The age of the earth controversy: Beginnings to Hutton

Annals of Science 38 (4):435-456 (1981)
  Copy   BIBTEX

Abstract

Speculation concerning the age of the earth begins with civilisation itself. The creation myths of ancient Egypt and other early cultures were soon expanded into elaborate cosmologies by Indian, Persian and Greek philosophers. Jewish and, more insistently, Christian scholars long believed that the Bible provided an exact chronology beginning with the Creation . Such truncated apocalyptic chronologies were opposed first by Aristotelian advocates of an eternal earth and then by deistic freethinkers who regarded the earth's age as indefinite but immense. As textual scholarship cast doubt upon the literal reliability of Genesis, alternative chronologies arose which depended increasingly upon geological evidence. James Hutton's assertions about the earth's age reflect his awareness of this broader context and define his own important contribution to it

Links

PhilArchive



    Upload a copy of this work     Papers currently archived: 92,923

External links

Setup an account with your affiliations in order to access resources via your University's proxy server

Through your library

Similar books and articles

The technique of controversy.Boris Basil Bogoslovsky - 1928 - New York,: Harcourt, Brace and Company.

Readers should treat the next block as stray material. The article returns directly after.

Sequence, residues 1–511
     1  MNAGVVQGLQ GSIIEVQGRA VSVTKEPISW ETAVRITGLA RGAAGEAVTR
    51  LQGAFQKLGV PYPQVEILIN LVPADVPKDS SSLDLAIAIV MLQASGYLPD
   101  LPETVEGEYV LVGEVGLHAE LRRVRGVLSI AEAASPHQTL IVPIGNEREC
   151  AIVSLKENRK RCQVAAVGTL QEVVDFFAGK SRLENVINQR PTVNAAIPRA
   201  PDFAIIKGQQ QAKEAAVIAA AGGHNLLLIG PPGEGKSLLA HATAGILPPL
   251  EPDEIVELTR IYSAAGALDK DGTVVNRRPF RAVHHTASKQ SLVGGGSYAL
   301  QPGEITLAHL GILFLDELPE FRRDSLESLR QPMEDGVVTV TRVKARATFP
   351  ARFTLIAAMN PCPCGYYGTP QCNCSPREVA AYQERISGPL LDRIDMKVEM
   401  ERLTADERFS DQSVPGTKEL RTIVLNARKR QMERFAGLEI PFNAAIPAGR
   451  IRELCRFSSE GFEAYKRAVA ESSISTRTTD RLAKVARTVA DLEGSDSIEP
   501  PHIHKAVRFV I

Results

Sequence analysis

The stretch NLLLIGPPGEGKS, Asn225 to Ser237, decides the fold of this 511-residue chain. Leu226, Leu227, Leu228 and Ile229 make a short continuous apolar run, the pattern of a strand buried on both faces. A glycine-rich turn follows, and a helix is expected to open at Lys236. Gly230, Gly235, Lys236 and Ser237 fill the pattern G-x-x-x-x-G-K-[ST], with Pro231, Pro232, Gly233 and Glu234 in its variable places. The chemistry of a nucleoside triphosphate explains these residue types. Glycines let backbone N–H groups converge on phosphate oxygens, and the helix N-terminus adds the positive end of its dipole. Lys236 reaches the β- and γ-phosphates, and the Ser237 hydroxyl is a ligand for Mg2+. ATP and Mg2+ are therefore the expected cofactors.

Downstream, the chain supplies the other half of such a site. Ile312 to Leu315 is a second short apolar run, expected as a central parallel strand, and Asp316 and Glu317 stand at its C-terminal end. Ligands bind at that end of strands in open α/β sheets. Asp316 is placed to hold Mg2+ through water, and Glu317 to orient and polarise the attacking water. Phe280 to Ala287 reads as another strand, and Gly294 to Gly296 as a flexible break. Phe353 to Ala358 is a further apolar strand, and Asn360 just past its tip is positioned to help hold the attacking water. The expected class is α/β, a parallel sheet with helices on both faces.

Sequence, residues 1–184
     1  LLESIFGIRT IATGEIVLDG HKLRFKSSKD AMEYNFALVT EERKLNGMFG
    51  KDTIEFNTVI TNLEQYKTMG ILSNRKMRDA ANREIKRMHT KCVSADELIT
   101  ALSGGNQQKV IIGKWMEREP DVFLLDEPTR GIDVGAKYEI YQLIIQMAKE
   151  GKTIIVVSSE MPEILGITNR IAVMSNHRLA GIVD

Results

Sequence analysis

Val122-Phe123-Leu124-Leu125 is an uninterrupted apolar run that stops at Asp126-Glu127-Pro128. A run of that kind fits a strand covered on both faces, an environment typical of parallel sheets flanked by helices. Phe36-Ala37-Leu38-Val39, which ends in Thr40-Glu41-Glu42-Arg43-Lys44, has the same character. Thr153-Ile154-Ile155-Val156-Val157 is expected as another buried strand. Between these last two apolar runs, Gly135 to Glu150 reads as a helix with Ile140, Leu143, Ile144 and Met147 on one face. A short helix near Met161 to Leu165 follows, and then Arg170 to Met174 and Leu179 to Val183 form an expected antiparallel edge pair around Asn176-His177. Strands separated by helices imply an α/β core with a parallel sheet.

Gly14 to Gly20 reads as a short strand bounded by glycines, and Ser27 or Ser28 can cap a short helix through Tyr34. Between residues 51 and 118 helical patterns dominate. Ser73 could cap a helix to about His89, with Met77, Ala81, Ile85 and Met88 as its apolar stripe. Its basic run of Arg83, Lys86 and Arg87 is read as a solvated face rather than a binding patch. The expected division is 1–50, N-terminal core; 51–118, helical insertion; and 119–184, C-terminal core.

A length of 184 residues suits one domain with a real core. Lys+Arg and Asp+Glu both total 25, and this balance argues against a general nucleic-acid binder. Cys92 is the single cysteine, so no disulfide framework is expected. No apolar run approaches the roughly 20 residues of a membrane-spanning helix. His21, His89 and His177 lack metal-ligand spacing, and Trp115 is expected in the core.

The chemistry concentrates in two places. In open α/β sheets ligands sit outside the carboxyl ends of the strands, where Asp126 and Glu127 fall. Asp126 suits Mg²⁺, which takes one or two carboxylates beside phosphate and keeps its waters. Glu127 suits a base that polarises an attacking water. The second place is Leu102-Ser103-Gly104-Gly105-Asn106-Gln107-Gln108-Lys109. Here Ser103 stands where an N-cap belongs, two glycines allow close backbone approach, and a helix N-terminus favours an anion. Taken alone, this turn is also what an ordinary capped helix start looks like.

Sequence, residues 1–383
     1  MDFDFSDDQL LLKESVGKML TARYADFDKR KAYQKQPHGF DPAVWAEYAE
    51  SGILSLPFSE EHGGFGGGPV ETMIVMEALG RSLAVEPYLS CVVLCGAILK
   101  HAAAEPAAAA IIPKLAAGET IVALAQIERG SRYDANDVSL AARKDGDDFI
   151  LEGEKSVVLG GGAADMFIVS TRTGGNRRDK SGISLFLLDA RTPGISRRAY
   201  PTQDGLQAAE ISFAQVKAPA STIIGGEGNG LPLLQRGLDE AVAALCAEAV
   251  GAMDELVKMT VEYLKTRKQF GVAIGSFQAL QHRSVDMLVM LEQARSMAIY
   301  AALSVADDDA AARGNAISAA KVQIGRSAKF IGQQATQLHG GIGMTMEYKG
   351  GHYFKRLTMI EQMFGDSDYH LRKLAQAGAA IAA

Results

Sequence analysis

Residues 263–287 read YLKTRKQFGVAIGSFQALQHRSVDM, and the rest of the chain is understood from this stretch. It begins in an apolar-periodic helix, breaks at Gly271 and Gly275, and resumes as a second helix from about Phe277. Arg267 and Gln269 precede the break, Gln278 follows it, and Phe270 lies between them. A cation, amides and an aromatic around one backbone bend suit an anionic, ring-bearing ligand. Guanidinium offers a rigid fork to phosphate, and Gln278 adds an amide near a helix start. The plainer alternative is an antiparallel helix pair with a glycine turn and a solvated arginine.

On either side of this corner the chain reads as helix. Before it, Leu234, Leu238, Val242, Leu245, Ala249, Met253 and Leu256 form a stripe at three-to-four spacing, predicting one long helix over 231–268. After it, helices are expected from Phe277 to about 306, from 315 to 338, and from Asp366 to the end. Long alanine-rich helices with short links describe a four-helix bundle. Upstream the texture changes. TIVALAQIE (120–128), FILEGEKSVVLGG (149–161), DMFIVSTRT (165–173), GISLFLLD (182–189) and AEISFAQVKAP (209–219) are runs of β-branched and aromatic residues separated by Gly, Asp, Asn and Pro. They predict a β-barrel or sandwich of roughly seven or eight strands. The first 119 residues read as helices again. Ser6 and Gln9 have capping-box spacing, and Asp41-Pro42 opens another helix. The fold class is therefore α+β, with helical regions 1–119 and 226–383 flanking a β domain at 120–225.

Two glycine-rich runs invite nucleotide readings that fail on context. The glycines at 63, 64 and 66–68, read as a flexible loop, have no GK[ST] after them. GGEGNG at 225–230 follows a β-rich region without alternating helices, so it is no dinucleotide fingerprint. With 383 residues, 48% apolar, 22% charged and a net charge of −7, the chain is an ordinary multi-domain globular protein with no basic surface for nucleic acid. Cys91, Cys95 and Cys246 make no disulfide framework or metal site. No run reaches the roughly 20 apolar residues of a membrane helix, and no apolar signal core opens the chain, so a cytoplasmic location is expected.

James Hutton and his public, 1785–1802.Dennis R. Dean - 1973 - Annals of Science 30 (1):89-105.
This Godel is killing me: A rejoinder.John R. Lucas - 1976 - Philosophia 6 (1):145-8.
The International Relations of Middle-Earth: Learning From the Lord of the Rings.Abigail E. Ruane - 2012 - Ann Arbor: University of Michigan Press. Edited by Patrick James.
Four Ways to Look at earth.Peter Warshall - 2000 - In Robert Frodeman & Victor R. Baker (eds.), Earth Matters: The Earth Sciences, Philosophy, and the Claims of Community. Prentice-Hall. pp. 189.

Analytics

Added to PP
2013-12-22

Downloads
29 (#567,300)

6 months
15 (#185,076)

Historical graph of downloads
How can I increase my downloads?

Citations of this work

No citations found.

Add more citations

References found in this work

Opus majus.Roger Bacon - 1962 - New York,: Russell & Russell.
James Hutton and his public, 1785–1802.Dennis R. Dean - 1973 - Annals of Science 30 (1):89-105.

Add more references